Yesterday, the Australian Securities and Investment Commission (ASIC) published guidance on the Initial Coin Offering (ICO) market. The cautionary note told investors to be diligent when reviewing ICOs for a potential investment while noting security offerings are a regulated activity. FinTech Australia called ASICs move an important step forward for startups looking to crowdfund a project using ICOs for a tokenized offering.
Danielle Szetho, CEO of FinTech Australia, said ASIC’s announcement was recognition of the importance of ICOs as a mechanism for start-ups raising funds. She said it spoke of the regulator’s “willingness to adopt a collaborative approach towards working with the Fintech community.”
“This is the clarification we have all been waiting for, and I feel it strikes a very good balance between helping start-ups looking to run an ICO in Australia while at the same time informing and protecting potential investors,” said Szetho. “The guidance ASIC has released is a positive step to ensure a viable future for ICOs in Australia, and sits alongside other positive initiatives such as removing double taxation on digital currencies and driving international blockchain standards.”
Szetho said the Fintech community approved of the approach taken by ASIC in its guidance, as the Commission made it clearer which regulations might apply to token crowd sales ICO from Australia, or to market their ICO to Australian investors.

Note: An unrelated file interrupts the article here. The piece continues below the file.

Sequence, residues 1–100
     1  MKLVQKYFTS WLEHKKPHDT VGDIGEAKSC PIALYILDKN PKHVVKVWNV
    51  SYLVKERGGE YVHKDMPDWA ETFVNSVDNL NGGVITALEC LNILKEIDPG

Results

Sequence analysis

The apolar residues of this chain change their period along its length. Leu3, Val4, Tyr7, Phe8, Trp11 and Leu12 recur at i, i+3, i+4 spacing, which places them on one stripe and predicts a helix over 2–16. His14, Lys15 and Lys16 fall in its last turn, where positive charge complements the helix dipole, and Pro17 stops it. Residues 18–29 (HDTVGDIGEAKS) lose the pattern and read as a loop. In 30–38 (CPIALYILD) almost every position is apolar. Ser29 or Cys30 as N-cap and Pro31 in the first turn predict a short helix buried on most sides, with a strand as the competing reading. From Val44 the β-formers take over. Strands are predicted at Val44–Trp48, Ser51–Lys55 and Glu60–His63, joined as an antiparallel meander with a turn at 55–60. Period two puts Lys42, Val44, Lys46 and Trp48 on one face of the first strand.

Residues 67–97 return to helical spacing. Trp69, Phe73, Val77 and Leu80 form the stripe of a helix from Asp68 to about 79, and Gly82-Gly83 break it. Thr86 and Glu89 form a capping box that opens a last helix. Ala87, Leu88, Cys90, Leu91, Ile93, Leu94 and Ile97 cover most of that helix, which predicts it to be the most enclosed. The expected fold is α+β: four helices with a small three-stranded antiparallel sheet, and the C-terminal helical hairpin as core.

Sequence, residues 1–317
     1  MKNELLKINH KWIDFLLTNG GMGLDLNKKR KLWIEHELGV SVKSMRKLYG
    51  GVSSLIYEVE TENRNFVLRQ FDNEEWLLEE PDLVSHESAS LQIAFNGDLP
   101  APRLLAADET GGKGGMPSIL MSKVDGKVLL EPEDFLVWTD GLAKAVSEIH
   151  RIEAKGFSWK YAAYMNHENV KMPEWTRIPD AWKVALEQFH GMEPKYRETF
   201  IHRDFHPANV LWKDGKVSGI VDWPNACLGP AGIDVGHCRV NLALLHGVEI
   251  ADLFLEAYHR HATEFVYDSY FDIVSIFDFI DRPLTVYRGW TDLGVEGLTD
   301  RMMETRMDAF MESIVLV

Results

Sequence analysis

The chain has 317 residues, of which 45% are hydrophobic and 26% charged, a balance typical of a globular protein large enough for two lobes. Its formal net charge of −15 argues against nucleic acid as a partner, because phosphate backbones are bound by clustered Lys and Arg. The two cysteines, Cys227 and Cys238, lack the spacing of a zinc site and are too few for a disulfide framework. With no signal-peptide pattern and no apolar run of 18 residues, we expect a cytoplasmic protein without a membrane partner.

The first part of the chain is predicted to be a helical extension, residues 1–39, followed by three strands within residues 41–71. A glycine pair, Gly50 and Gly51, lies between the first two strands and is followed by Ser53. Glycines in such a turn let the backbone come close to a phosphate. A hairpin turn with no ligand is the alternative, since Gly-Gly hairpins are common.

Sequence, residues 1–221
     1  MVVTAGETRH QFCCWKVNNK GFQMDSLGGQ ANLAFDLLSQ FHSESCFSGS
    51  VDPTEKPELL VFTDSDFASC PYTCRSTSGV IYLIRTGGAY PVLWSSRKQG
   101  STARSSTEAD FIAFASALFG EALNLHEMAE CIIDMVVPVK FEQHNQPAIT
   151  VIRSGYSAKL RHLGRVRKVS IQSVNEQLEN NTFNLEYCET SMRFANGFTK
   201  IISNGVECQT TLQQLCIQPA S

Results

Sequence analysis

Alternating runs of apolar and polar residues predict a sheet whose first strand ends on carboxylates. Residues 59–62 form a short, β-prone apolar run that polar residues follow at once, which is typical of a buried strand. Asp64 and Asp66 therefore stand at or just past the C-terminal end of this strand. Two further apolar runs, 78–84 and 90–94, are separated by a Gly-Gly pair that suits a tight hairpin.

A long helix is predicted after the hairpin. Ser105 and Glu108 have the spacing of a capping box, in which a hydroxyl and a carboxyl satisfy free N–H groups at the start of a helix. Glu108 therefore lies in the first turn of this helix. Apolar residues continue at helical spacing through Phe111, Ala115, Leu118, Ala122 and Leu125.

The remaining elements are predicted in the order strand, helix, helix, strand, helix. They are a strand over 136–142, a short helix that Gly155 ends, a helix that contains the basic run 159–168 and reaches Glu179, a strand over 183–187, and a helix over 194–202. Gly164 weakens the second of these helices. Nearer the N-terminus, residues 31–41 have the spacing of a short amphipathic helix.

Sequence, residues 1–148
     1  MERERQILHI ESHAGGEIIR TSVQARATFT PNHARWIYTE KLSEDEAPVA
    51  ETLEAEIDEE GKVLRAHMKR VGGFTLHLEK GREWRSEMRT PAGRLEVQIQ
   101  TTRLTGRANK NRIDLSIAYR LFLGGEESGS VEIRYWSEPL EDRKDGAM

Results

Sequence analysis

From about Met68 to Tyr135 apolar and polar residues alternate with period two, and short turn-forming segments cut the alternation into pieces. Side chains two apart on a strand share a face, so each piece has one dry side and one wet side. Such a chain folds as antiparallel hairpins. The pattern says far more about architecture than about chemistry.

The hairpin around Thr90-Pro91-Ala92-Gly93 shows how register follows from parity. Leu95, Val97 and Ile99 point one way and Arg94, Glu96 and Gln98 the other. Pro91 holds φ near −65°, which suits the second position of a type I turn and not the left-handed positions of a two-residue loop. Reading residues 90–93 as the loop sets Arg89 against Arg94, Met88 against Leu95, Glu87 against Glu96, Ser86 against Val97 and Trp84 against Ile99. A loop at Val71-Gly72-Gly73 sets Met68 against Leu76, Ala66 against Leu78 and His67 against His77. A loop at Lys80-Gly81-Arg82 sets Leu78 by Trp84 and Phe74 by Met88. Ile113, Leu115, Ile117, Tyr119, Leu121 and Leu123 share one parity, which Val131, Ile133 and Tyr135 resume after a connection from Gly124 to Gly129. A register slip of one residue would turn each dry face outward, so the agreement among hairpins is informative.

Szetho described ICOs as a nuanced subject matter when it comes to regulatory provisions because they could potentially be classified as one of a variety of financial instruments, depending on how the tokens are designed. This made it more challenging for regulators to provide a holistic and consistent framework that encompassed how ICOs should be regulated.
Sergei Sergienko, CEO of Blockchain consultancy and marketing firm ICOPromo, echoed these statements, saying the blockchain community in Australia was keen to continue working with ASIC on this to ensure that any regulation was in step with the current climate surrounding ICOs for start-ups across Asia Pacific.
“It’s very commendable that ASIC is looking intently at ICOs and are taking a calm and measured approach to help provide guidance to interested parties in Australia. This is certainly a welcome announcement as it shows the regulator is listening and are being proactive in taking a collaborative approach to working with the blockchain start-up community in Australia.”
FinTech Australia also embraced ASICs consumer approach with their MoneySmart website designed to help retail investors make good decisions when considering ICOs.
ASIC has been reasonably supportive of the emerging Fintech ecosystem. In contrast, China simply shut down ICOs. Most securities regulators in the developed world have now issued statements regarding ICOs and their intent to regulate them under existing securities rules. ICOs have grown rapidly in the past year and, by some estimates, have topped more than $2 billion in funds raised.